high profit there will always be someone tempted to act
This doesn't mean the product from China is substandard.
While local growers have been able to show that flavour and
ingredients such as allicin are higher in the Australian
product, they haven't been able to convince people that they
should pay more for it.
China produces 72% of the world's garlic and could supply
100%. As a source of easy cash, it's as valuable as their
apple crop (which is another story). Vast areas of the best
land are being turned over from mixed agriculture and rice
growing to produce a monoculture crop. Are we told about
what impact that has on Chinese farmers lives, and of
marginal land having to be used for food production for
To me, it's a classic case of those Slow Food principles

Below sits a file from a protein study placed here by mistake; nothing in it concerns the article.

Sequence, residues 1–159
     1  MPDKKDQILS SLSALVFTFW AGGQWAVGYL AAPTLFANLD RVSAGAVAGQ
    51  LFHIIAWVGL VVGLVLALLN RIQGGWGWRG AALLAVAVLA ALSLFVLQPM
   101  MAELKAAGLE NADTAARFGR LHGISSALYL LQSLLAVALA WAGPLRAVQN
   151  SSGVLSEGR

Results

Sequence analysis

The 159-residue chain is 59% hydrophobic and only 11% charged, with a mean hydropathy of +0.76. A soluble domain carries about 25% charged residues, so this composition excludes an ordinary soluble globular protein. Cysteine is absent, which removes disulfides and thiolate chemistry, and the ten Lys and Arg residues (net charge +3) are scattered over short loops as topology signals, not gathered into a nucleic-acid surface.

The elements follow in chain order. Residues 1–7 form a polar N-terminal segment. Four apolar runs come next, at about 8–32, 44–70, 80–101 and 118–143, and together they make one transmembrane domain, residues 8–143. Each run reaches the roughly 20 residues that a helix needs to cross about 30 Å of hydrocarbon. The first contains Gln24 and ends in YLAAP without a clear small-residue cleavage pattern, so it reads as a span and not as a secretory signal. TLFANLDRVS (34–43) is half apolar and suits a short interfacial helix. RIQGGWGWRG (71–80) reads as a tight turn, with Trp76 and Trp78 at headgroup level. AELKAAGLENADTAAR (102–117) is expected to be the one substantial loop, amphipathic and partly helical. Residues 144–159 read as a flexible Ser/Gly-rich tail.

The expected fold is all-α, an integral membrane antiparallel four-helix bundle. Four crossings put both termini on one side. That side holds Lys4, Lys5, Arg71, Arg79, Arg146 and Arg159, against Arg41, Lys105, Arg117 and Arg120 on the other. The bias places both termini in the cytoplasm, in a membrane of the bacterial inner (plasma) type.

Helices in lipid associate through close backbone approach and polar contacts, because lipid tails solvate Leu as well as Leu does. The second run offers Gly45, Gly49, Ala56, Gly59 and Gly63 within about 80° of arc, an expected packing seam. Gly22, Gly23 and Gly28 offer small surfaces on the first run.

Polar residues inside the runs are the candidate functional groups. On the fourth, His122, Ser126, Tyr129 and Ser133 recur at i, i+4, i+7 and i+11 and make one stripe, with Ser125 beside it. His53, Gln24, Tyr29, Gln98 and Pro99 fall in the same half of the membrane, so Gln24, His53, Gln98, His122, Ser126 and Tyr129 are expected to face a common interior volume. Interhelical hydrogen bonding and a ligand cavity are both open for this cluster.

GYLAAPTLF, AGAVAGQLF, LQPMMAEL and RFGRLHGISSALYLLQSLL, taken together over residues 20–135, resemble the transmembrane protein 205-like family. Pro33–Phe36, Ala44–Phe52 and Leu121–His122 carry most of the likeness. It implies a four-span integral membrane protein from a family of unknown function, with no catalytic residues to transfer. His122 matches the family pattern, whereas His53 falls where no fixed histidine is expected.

of Traceability and Accountability. Shouldn't I have enough
information to make an informed choice? Why doesn't my
supermarket have labels that say their garlic comes from
China? Finally, do we care enough to go to a local market
and buy a local product at a higher price?
Joan Gussow should have the last word.
"At the moment, the effects of
profit-making on the food system are almost entirely
negative. My own response to this conclusion has been to
try and demonstrate that more local food systems in which
people are closer to the sources of their food - and thus
might willingly pay enough for food to protect them - are
both possible and palatable."